class User < ActiveRecord::Base
  # Passing :deprecated => false configures Protobuf Active Record to exclude deprecated fields.
  protobuf_message :user_message, :deprecated => false, :include => :a_specific_deprecated_field
end

Field transformers

Field transformers are used when serializing objects to protobuf messages. Regular field mapping and conversions will be handled out of the box, but for those times when fields don't map directly to attributes or custom behavior is needed, use field_from_record method.

field_from_record takes the name of the field being transformed and a method name or callable (lambda or proc). When transforming that field, it calls the given callable, passing it the object being serialized.

Converting attributes

class User < ActiveRecord::Base
  # Calls the lambda when serializing objects to protobuf messages, passing it
  # the object being serialized.
  field_from_record :status, lambda { |object_being_serlialized| # Some custom behavior }
end

Attribute transformers

Protobuf Active Record handles mapping protobuf message fields to object attributes, but what happens when an attribute doesn't have a matching field? Using the attribute_from_proto method, you can define custom attribute transformations. Simply call attribute_from_prot, passing it the name of the attribute and a method name or callable (lambda or proc). When creating or updating objects, the transformer will be called and passed the protobuf message.

class User < ActiveRecord::Base
  # Calls the lambda when creating/updating objects, passing it the protobuf
  # message.
  attribute_from_proto :account_id, lambda { |protobuf_message| # Some custom transformation... }
end

Setting attributes to nil

The protocol buffers specification does not allow for the transport of 'null' or 'nil' values for a field. In fact, in order to keep messages small and lightweight this is desireable behavior. Fields are that are not set to a value will not be sent over the wire, but we cannot assume given a message has an absent value for a field that we should set the our attributes to nil.

In order to solve this problem, Protobuf::ActiveRecord has a convention that tells it when to set an attribute to nil. A message must define a repeated string field named 'nullify'. If an attribute has the same name as an element in the 'nullify' field, this attribute will be set to nil.

Example:

message UserMessage {
  optional string name = 1;
  repeated string nullify = 2;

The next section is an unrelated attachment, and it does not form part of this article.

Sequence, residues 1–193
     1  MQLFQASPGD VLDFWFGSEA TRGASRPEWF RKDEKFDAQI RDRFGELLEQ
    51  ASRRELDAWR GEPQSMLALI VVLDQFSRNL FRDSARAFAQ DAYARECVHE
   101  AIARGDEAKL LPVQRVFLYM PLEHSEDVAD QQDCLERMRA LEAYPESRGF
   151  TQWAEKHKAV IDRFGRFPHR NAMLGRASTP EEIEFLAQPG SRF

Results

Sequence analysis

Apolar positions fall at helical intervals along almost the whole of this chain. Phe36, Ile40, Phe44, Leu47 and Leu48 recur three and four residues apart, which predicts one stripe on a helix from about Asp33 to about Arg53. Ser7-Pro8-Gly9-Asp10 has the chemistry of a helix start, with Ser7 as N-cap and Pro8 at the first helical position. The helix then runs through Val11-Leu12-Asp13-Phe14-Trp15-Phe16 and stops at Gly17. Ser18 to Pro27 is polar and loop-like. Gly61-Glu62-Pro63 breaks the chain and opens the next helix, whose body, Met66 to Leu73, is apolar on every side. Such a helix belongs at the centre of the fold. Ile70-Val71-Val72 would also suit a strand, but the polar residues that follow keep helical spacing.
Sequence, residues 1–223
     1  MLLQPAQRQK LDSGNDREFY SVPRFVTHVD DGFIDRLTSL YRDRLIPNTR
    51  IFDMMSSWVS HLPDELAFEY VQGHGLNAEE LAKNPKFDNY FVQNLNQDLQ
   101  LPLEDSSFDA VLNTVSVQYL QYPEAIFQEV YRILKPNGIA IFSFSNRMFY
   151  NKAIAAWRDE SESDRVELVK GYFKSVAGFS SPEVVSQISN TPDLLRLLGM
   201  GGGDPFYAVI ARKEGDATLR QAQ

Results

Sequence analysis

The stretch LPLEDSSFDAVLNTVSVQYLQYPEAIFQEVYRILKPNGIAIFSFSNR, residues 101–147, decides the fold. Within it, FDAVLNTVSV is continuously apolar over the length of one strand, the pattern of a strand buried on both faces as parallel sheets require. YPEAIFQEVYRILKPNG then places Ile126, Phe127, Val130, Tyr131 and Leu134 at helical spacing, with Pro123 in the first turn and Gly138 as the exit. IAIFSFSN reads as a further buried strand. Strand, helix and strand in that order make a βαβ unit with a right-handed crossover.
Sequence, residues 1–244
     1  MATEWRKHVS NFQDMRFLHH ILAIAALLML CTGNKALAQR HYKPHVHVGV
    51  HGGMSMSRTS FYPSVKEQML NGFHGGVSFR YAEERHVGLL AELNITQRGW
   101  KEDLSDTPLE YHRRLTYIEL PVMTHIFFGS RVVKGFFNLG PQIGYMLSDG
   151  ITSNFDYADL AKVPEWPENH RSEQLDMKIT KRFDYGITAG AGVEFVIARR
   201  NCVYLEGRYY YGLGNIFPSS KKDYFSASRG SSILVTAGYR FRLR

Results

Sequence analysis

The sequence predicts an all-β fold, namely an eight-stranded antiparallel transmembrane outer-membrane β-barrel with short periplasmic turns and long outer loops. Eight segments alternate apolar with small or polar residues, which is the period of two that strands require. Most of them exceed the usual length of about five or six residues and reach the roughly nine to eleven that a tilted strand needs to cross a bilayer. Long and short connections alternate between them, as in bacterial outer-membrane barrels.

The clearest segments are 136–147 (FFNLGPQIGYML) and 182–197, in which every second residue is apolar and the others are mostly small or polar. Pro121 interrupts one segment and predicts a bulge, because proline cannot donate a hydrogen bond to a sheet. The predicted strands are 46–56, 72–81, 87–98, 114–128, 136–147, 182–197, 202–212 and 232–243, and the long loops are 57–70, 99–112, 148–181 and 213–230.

}

m = UserMessage.new(:nullify => [:name])
# When Protobuf::ActiveRecord maps this message, it will set the name attribute to nil overwriting any value that is set.

For attribute transformers, the field name will not match the attribute name so we need to give the attribute transformer a hint to instruct it on how to nullify a given attribute. When declaring an attribute transformer, you can specify a :nullify_on option. This indicates for the given attribute, if the value of 'nullify_on' is present in the nullify field, set this attribute to nil.

Example:

class User < ActiveRecord::Base
  # When 'account_guid' is present in the nullify array, our 'account_id' attribute will be set to nil
  attribute_from_proto :account_id, :nullify_on => :account_guid do
    # transform
  end
end

Searching

Protobuf Active Record's search_scope method takes the protobuf message and builds ARel scopes from it.

Before you can use search_scope, you'll need to tell Protobuf Active Record which fields should be searchable and what scope should be used to search with that field.

Consider this protobuf message:

message UserSearchRequest {
  repeated string guid = 1;
  repeated string name = 2;
  repeated string email = 3;
}

To make the name field searchable, use the field_scope method:

class User < ActiveRecord::Base
  scope :by_name, lambda { |*values| where(:name => values) }

  field_scope :name, :scope => :by_name
end

This tells Protobuf Active Record that the name field should be searchable and that the :scope with the given name should be used to build the search scope.

field_scope can also be called with just a field name:

class User < ActiveRecord::Base
  scope :by_name, lambda { |*values| where(:name => values) }

  field_scope :name
end

If no scope is given, Protobuf Active Record assumes that a scope matching the given field prefixed with by_, in this case by_name.

Now that your class is configured with some searchable fields, you can use the search_scope method to build ARel scopes from a protobuf message.

search_scope is chainable just like regular ARel scopes. It takes a protobuf messages and will build search scopes from any searchable fields that have values.

Picking up our User class again:

# Build a search scope from the given protobuf message
User.search_scope(request)

# It's chainable too
User.limit(10).search_scope(request)

Protobuf Active Record also provides some aliases for the search_scope method in the event that you'd like something a little more descriptive: by_fields and scope_from_proto are all aliases of search_scope.

Contributing

  1. Fork it
  2. Create your feature branch (git checkout -b my-new-feature)
  3. Commit your changes (git commit -am 'Add some feature')
  4. Push to the branch (git push origin my-new-feature)
  5. Create new Pull Request